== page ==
His reorganization complete, Lettow-Vorbeck crossed the Rovuma River on November 25, 1917, evacuating the German colony and invading Portuguese East Africa. The tone for the new phase of the campaign was set immediately. There was a Portuguese fort at Negomano less than a mile from where the Germans were crossing the river. Although his forces were still in the process of making the crossing, Lettow-Vorbeck had personally reconnoitered ahead and found some woods approaching the fort. He ordered an immediate attack using the cover of the woods. The 900-man Portuguese garrison did not put up much of a fight. The Askaris, however, went wild; Lettow-Vorbeck termed it a “fearful melee.” Now the Schutztruppe were not just merely the hunted—they were also the hunters. Among the plentiful supplies they captured were medicines, six machine guns, 250,000 rounds of ammunition, and enough rifles and uniforms to re-equip half the force. “With one blow,” said Lettow-Vorbeck, “we had freed ourselves of a great part of our difficulties.”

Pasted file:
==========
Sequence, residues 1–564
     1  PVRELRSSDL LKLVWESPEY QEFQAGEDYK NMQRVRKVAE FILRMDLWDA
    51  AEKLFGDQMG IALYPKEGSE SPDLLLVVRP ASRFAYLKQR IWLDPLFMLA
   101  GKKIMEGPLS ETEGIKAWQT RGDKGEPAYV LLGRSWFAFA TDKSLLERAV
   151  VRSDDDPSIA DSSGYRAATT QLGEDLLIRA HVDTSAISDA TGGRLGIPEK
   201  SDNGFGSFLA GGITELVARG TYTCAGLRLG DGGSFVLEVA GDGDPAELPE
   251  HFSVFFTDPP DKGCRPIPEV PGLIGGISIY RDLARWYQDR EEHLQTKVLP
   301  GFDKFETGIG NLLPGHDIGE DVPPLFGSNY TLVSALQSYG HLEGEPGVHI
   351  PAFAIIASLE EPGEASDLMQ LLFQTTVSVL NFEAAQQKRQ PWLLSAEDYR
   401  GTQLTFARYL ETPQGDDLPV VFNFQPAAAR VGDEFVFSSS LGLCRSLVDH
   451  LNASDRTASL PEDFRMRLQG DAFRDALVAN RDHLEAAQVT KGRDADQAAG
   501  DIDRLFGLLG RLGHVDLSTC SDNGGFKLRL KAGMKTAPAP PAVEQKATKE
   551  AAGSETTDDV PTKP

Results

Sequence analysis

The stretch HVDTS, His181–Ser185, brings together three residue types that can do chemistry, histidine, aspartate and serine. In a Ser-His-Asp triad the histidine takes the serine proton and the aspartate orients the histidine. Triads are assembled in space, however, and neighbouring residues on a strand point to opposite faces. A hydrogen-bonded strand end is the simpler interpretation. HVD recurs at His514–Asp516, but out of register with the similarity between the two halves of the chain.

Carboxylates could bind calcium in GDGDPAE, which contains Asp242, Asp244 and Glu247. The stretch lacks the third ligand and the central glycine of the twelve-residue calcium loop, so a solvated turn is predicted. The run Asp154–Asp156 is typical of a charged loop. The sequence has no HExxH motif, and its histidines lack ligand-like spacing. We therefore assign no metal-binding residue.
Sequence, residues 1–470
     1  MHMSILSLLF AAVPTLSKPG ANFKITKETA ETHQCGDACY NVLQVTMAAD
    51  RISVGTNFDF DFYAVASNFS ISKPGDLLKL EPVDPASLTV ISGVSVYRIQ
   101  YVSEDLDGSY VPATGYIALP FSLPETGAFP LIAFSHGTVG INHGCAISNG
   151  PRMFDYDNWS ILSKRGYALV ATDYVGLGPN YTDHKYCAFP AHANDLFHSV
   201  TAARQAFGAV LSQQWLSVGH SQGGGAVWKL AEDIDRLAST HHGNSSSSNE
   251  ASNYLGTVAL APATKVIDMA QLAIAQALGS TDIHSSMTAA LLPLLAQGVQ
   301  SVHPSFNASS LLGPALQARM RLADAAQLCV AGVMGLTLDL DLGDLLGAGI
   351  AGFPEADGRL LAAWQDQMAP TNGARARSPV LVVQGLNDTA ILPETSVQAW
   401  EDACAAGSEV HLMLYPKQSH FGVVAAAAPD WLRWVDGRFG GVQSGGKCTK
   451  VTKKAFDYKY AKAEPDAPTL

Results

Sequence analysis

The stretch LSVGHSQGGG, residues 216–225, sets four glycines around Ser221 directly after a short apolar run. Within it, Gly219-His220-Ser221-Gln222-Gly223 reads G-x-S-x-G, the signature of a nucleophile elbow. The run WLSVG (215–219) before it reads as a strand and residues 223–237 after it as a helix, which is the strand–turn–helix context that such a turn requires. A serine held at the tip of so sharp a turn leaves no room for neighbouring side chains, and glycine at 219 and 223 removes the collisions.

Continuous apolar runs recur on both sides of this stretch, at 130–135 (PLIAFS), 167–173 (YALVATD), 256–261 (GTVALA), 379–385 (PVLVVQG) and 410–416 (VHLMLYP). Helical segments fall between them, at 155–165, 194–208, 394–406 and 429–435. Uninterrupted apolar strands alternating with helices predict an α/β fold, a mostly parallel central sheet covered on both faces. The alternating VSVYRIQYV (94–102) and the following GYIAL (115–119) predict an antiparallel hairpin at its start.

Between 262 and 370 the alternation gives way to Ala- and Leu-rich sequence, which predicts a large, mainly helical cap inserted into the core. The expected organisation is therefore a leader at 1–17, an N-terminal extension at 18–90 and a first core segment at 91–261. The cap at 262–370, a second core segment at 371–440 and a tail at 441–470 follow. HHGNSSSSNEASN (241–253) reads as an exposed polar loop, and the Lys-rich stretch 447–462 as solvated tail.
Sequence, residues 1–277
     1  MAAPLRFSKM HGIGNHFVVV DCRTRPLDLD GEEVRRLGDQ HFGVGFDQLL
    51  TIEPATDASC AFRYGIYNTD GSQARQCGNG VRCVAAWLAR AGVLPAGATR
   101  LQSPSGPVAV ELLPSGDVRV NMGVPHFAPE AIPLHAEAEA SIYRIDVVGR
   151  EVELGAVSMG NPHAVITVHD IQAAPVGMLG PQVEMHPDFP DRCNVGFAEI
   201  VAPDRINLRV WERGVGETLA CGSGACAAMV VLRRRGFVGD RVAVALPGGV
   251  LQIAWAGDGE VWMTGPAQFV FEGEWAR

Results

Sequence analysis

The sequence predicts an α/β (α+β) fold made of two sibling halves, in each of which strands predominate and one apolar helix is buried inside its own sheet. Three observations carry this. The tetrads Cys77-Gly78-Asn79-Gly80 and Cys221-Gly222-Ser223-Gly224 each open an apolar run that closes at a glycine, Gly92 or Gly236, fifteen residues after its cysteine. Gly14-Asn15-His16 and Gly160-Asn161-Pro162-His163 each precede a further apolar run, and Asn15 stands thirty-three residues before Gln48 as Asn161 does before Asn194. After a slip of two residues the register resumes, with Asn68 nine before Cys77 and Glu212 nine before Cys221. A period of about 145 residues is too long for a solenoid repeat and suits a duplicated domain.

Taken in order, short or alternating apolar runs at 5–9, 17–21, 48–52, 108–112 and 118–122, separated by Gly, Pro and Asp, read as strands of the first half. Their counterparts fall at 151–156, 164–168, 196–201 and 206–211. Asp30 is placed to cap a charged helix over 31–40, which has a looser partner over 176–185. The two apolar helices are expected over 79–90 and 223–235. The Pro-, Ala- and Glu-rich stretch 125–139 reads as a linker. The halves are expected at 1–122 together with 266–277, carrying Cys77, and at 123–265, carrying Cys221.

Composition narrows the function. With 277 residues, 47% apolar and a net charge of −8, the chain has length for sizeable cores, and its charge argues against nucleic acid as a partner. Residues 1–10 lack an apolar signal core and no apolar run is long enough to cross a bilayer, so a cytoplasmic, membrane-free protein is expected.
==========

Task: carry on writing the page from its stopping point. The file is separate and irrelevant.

“This is a Funny War. We Chase the Portuguese, and the English Chase Us.”
The successful start to the Portuguese East Africa incursion sent German morale soaring to new heights. Although the Portuguese maintained a relatively large and well-equipped army, their dispositions often made then easy pickings for the Germans. Portuguese rule was very unpopular, and their army of over 7,000 men was split into hundreds of small units throughout the country to maintain order. Native dissatisfaction and latent rebellion required local garrisons to conduct ceaseless patrolling. These poorly led small garrisons would seldom put up more than token resistance before fleeing into the bush, leaving their supplies and weapons to the feared German Askaris. By this point in the war the reputation of the Schutztruppe was a potent weapon in itself.